How Birmingham can take the next step in setting energy efficiency standards

Last year, renewable energy accounted for all of the new energy generating capacity in the United States. Southern states—known for diverse natural resources—have made much improvement in energy management in recent comparisons. In the most recent rankings, Alabama ranked 9th in the nation for energy generated from renewable sources.

Cities in the South are taking advantage of abundant resources to make significant progress in terms of energy management. Although the American Council for an Energy-Efficient Economy listed Birmingham 50th out of 51 large American cities in terms of energy efficiency—the Magic City finished slightly ahead of Oklahoma City in the rankings—there is room for optimism.

Birmingham is one of 16 cities worldwide, and one of four in the U.S., to be awarded anIBM Smarter Cities Challenge Grant. With the IBM Smarter Cities grant, Birmingham has the opportunity to capitalize on energy efficiency and further grow its city center.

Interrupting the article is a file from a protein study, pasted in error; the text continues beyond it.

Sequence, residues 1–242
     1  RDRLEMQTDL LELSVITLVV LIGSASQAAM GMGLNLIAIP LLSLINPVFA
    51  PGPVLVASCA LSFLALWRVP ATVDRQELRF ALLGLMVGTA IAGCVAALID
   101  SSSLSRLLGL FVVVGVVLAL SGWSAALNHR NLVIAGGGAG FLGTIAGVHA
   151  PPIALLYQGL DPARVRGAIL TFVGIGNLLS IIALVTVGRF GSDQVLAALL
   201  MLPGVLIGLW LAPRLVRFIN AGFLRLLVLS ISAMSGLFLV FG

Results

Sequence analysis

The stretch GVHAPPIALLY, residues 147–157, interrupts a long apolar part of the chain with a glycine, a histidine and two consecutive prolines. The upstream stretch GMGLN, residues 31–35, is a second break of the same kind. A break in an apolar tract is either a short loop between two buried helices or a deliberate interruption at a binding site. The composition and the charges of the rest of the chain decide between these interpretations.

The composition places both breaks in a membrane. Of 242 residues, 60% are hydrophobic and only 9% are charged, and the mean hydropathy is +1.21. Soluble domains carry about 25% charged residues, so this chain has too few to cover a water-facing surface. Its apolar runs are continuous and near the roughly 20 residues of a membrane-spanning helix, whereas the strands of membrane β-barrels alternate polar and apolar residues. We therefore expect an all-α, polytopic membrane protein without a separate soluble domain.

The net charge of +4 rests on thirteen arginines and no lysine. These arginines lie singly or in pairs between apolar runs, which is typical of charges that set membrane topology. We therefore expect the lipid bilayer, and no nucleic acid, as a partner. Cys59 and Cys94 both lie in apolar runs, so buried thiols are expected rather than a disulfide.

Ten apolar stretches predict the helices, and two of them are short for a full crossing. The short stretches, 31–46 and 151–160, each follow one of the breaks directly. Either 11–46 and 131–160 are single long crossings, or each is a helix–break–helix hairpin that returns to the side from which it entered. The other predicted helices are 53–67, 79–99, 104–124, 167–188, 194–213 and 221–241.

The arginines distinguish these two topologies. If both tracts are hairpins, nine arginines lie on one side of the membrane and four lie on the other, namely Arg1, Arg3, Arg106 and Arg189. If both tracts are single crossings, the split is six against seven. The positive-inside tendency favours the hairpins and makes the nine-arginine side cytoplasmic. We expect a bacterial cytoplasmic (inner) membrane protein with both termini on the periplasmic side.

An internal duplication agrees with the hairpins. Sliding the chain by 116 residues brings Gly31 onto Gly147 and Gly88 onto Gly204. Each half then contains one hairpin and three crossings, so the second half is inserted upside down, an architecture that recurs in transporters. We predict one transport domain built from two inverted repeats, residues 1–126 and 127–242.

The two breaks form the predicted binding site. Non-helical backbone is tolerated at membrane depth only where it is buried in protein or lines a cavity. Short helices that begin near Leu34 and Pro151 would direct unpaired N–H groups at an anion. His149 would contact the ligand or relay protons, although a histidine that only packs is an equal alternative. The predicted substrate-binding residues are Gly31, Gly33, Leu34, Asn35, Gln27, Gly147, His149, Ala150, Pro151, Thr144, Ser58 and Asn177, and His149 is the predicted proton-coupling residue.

Atlanta recently mandated new benchmarking standards for buildings in the city. The new regulation will focus on buildings larger than 25,000 square feet and will take effect this year for government owned buildings before expanding to the private sector in 2016.

Birmingham could benefit by pursuing similar standards. Energy efficiency is an opportunity for economic growth and environmental stewardship— traits that can attract entrepreneurs looking to invest in a city that is willing to invest in the future.

Energy efficiency is an opportunity for economic growth and environmental stewardship

Alabama has implemented limited net metering standards—which allows buildings that generate excess energy via solar panels to sell the unused energy to the local utility. Unlike many states, there is no set rate for this process, but it could encourage better energy management solutions with such incentives.

Birmingham could also follow the example of neighboring Chattanooga—once known for its pollution—and use the Smarter Cities grant as a catalyst toward a more sustainable approach. Like Chattanooga and Atlanta, Birmingham could adopt benchmarking standards. Smart metering and retrofitting existing buildings could save the city millions of dollars a year and attract new jobs.

In 16 cities across the South, including Birmingham and Huntsville, efforts to retrofit buildings to new standards have resulted in a 387% return on investment according to research by the Southeast Energy Efficiency Alliance (SEEA). Increasing energy efficiency standards would place Birmingham in league with other leading Southern cities and could, ultimately, attract more business.

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